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Wednesday Morning Roundup


by Stephen Becker 14 Jan 2009

UP CLOSE AND PERSONAL: Google Earth and the Prado Museum in Madrid have partnered on a project that allows viewers around the world to view every minute detail of some of the museum’s masterpieces. Google brought its 14,000 megapixel cameras to the museum to capture each work in painstaking detail, and the result is like […]

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UP CLOSE AND PERSONAL: Google Earth and the Prado Museum in Madrid have partnered on a project that allows viewers around the world to view every minute detail of some of the museum’s masterpieces. Google brought its 14,000 megapixel cameras to the museum to capture each work in painstaking detail, and the result is like looking through the collection with a magnifying glass (watch the video for a taste).

Now, the question is: Will this make people more likely or less likely to visit the museum? Most major institutions have at least part of their collections available to view online. But the knock has always been that you really can’t appreciate a work without seeing it in person. Even a two-dimensional medium like a painting becomes 3D when you start examining the brush strokes.

This new venture, though, starts to break down even the dimensional boundaries. In the case of the Prado, we’re still only talking about 14 works — hardly the whole experience. And for those who for one reason or another will never be able to make it to Spain, innovations like this are a blessing.

But it’s also another incremental step in the Web’s transfer of the live, communal experience into the packaged, individual one.

SIX HOURS OF LAUGHS: PBS takes on the daunting task of surveying our nation’s funny bone with Make ’Em Laugh: The Funny Business of America — a six-hour special that begins tonight at 7 on KERA (Channel 13). The New York Times took a look at the series on Sunday if you want a little preview. The filmmakers spent a couple of years talking to more than 100 comedians for the project. If you’ve ever heard comedians interviewed about their craft, you’ll know that once they get past their couple of pre-packaged jokes, they normally get pretty introspective and like to talk with great reverence about their comedy forefathers and the art of making people laugh.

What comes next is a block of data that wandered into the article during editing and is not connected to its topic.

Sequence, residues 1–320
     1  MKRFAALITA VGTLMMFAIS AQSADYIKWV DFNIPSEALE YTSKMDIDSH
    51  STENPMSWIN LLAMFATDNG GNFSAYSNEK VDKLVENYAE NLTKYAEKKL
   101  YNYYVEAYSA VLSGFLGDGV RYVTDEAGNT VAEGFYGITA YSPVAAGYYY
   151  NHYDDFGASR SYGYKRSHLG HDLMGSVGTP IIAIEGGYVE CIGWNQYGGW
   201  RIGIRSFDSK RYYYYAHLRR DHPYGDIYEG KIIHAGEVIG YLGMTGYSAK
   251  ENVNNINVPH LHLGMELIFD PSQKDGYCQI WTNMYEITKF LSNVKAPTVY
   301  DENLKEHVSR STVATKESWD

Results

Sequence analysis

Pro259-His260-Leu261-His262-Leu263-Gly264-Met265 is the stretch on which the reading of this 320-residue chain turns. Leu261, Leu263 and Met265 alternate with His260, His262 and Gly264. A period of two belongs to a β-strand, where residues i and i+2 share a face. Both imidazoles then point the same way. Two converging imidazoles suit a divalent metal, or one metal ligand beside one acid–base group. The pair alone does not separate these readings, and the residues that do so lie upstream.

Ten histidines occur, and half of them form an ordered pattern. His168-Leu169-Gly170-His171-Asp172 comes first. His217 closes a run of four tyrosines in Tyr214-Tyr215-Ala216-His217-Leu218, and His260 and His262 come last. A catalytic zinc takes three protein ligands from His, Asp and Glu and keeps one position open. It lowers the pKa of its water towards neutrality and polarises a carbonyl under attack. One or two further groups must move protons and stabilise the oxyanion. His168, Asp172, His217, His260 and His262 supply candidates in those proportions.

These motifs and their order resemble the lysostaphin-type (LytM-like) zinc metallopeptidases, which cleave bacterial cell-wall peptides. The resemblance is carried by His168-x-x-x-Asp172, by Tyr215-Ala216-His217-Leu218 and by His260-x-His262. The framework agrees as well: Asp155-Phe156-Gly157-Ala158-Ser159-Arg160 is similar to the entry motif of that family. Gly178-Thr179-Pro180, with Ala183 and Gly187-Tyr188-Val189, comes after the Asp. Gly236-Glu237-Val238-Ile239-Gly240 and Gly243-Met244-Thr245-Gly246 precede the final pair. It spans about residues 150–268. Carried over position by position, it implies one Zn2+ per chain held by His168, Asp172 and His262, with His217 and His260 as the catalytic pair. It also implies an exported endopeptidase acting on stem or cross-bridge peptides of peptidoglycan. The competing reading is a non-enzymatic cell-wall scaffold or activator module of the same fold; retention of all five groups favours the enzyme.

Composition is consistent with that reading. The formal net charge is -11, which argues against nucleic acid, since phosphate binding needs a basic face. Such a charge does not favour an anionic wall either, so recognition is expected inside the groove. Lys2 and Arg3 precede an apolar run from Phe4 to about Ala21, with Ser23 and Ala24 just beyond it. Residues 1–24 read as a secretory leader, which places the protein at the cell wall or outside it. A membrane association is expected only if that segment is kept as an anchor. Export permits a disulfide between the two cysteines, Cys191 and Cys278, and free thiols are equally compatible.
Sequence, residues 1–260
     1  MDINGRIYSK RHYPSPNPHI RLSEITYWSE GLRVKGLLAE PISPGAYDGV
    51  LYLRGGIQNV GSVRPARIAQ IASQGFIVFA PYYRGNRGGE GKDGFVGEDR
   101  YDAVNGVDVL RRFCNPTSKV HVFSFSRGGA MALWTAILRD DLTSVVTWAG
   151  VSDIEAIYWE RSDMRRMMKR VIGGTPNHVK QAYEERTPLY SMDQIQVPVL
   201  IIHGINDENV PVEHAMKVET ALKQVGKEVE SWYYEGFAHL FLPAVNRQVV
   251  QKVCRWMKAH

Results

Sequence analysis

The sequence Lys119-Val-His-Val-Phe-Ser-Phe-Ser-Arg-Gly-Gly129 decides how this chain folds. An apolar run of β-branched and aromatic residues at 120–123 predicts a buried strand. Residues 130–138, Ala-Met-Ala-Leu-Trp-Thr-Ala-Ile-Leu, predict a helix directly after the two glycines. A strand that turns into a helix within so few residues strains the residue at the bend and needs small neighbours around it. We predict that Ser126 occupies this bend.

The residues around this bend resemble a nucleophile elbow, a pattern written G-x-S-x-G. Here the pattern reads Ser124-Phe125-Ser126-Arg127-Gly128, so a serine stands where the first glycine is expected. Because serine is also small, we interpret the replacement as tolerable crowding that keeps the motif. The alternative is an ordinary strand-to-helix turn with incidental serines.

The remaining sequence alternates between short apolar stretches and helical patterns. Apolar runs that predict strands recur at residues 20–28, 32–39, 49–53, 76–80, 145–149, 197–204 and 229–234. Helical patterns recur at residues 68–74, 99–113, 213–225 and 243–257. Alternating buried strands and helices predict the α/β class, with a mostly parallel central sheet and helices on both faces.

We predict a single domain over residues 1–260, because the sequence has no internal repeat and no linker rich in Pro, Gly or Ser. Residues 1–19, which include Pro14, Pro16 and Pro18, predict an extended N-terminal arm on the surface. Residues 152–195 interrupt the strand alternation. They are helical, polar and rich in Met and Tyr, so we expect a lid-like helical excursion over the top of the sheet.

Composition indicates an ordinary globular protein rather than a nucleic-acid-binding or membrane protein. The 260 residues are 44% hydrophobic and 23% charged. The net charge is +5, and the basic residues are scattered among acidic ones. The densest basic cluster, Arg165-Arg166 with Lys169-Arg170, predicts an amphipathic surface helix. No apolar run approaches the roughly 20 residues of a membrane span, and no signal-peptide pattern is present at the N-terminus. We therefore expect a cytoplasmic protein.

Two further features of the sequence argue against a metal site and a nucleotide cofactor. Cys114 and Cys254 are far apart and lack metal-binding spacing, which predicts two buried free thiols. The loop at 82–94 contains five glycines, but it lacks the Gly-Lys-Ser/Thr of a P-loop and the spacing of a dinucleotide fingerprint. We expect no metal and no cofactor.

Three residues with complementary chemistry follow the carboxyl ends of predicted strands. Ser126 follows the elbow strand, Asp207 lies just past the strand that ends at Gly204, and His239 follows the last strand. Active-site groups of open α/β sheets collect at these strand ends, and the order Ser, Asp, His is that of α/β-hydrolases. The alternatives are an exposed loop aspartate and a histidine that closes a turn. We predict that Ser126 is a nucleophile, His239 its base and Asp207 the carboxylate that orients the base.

QUOTABLE: “Tell me something: Was it really that bad that half of you didn’t want to clap?”

— Violinist Itzhak Perlman after a tepid response to his performance of Messiaen’s Theme and Variations in West Palm Beach, Fla. Perlman then went on to inform the audience that apparently good manners say that you are supposed to clap even if you don’t like what you’ve heard before playing the piece again later in the program.

Henceforth, this shall be known as the “Treat Pros Like Kids” dictum.

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  • The obvious answer is to make exact copies of the paintings on canvas – ex. giclee or canvas prints. Then the copies can go on tour, with the originals safe in storage or in Museums. Then EVERY painting copy of every painting in the Prado can go on one tour.That’s integrating art back into the community and is a major point of the art revolution.
    How about this blog talking about the revolution in mass marketing of art?

  • Jennifer

    Very interesting about the Prado…I’ll definitely be checking that out. I know my husband and I debated whether or not to include Madrid on our Spain trip in 2006. The Prado was one of the main reasons I wanted to go there. We didn’t end up fitting it into our itinerary, and now, with this online resource, I’m wondering if Madrid *IS* a little bit lower on my travel destinations wish list…

  • Bill Marvel

    Still, there’s something about standing in front of the painting, the REAL thing, that no reproduction, no matter how skillful, can duplicate. A painting is not valuable solely for the information it contains. It is a physical object. Anything else is a picture of an object.

  • Bill Marvel

    I don’t say a reproduction is bad. I say the original painting or performance is better. What is dangerous, I think, is not being able to tell the difference. Part of the purpose of art is to educate the perceptions.

  • But I think you are missing the point. There is no difference. It is like finding difference in any of 5 records, or 6 copies of the same book.
    I would contend that if you put 5 copies of the painting plus the original on the same wall, and in the same frame, then asked people to pick out the original of the 6, none could do it except by luck.